While Isentress® (raltegravir) has been a very successful cash cow for Whitehouse Station, it faces competition from at least 20 other high-end combination drugs in the post-modern HIV control marketplaces — most of which need only be taken once a day. In this regard, recall that just this past Fall, Merck’s “once a day” Isentress dosing study failed to show much benefit over existing therapies. Moreover, Merck really has nothing in line to follow it with, in short order. Gilead is poised to take the lead in the developed world here, from an industry-advantage perspective. [And so, the EU and US markets are seeing the beginning of pure price competitions — per the graphic at right, from last summer — click it to enlarge.]
More importantly, victims of the HIV visus face an increasing risk of strains that mutate to become resistant to all known treatment regimens. And the dry-spell — in new practical new drug candidates — is approaching a decade in length. That should motivate scientists to find new ways of attacking the mechanisms that drive the replication of the virus.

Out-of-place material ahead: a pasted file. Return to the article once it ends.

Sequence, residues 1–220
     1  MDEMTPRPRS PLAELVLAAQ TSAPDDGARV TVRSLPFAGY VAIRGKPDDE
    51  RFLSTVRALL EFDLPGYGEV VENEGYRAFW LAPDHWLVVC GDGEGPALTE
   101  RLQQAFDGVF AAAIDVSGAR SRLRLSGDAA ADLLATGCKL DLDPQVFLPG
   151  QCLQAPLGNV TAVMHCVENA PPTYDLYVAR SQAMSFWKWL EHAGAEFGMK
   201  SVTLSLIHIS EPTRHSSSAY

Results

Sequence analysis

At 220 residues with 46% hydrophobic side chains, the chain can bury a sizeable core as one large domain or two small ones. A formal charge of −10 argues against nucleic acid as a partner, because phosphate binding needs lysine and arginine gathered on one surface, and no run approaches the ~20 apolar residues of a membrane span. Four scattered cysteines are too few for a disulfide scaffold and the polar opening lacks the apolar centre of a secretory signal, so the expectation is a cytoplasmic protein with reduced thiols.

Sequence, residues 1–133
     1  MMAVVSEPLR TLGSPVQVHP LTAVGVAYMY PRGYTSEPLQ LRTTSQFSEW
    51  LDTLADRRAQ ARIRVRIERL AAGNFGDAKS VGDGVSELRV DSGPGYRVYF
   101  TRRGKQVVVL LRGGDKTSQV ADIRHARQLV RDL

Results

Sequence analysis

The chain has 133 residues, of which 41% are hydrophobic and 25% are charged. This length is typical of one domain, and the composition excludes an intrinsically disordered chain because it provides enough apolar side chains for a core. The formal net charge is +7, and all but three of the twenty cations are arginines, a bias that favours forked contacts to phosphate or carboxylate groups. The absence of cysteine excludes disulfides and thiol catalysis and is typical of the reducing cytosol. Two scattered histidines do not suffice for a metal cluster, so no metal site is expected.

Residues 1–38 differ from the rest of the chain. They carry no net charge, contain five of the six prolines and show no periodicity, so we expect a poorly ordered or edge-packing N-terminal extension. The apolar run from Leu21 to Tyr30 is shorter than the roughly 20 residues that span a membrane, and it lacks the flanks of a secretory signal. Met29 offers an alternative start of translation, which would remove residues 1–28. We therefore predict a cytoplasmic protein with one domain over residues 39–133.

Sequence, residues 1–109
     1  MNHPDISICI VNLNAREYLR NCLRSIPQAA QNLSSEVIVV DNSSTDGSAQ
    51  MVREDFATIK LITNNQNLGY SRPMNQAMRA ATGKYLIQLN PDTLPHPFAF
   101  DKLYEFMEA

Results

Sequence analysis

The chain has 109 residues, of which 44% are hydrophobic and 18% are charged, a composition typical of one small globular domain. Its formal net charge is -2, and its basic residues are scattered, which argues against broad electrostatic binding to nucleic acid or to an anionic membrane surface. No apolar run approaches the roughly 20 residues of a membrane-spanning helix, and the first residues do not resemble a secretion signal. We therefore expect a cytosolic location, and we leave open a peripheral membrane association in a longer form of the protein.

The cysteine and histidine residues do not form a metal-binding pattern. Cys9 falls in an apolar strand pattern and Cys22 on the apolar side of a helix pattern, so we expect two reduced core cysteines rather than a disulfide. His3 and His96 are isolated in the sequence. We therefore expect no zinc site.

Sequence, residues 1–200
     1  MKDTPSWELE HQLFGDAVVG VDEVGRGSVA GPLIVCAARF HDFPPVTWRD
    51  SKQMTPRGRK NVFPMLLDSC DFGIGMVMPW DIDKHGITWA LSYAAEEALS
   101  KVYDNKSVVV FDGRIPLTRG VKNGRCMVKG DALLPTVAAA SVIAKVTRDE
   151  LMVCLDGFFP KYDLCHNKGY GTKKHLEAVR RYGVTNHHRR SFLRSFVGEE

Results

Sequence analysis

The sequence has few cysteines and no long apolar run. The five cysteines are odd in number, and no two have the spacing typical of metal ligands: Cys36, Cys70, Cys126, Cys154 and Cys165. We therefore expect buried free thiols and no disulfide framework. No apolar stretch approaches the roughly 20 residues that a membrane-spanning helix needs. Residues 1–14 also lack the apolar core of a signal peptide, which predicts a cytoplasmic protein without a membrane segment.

In any event, here is a bit of the Bloomberg story out over the weekend — do go read it all:
. . . .Foster City, California-based Gilead and rivals Merck & Co. and Bristol-Myers Squibb Co. are victims of that success. Three decades after the discovery of the virus that causes AIDS, there are 31 drugs on the market that have helped turn HIV from a death sentence into a manageable disease in the developed world. Only six were approved after 2004.
“The bar for bringing on a drug in HIV has gotten higher,” said George Hanna, vice president of virology for U.S. medical and HIV early development at Bristol-Myers, based in New York. “You can no longer bring to market a drug you’re going to have to take three times a day. All of a sudden, we’re seeing a lot less in the pipeline.”
Medicines created over the years have become safer, more effective, have attacked the virus in new ways and have eliminated the need for as many as 20 pills a day. As drugmakers struggle to top that achievement, millions of HIV patients face the possibility of the virus becoming fatal again if it shifts shape inside cells to outsmart existing therapies. . . .
We’ll keep you informed.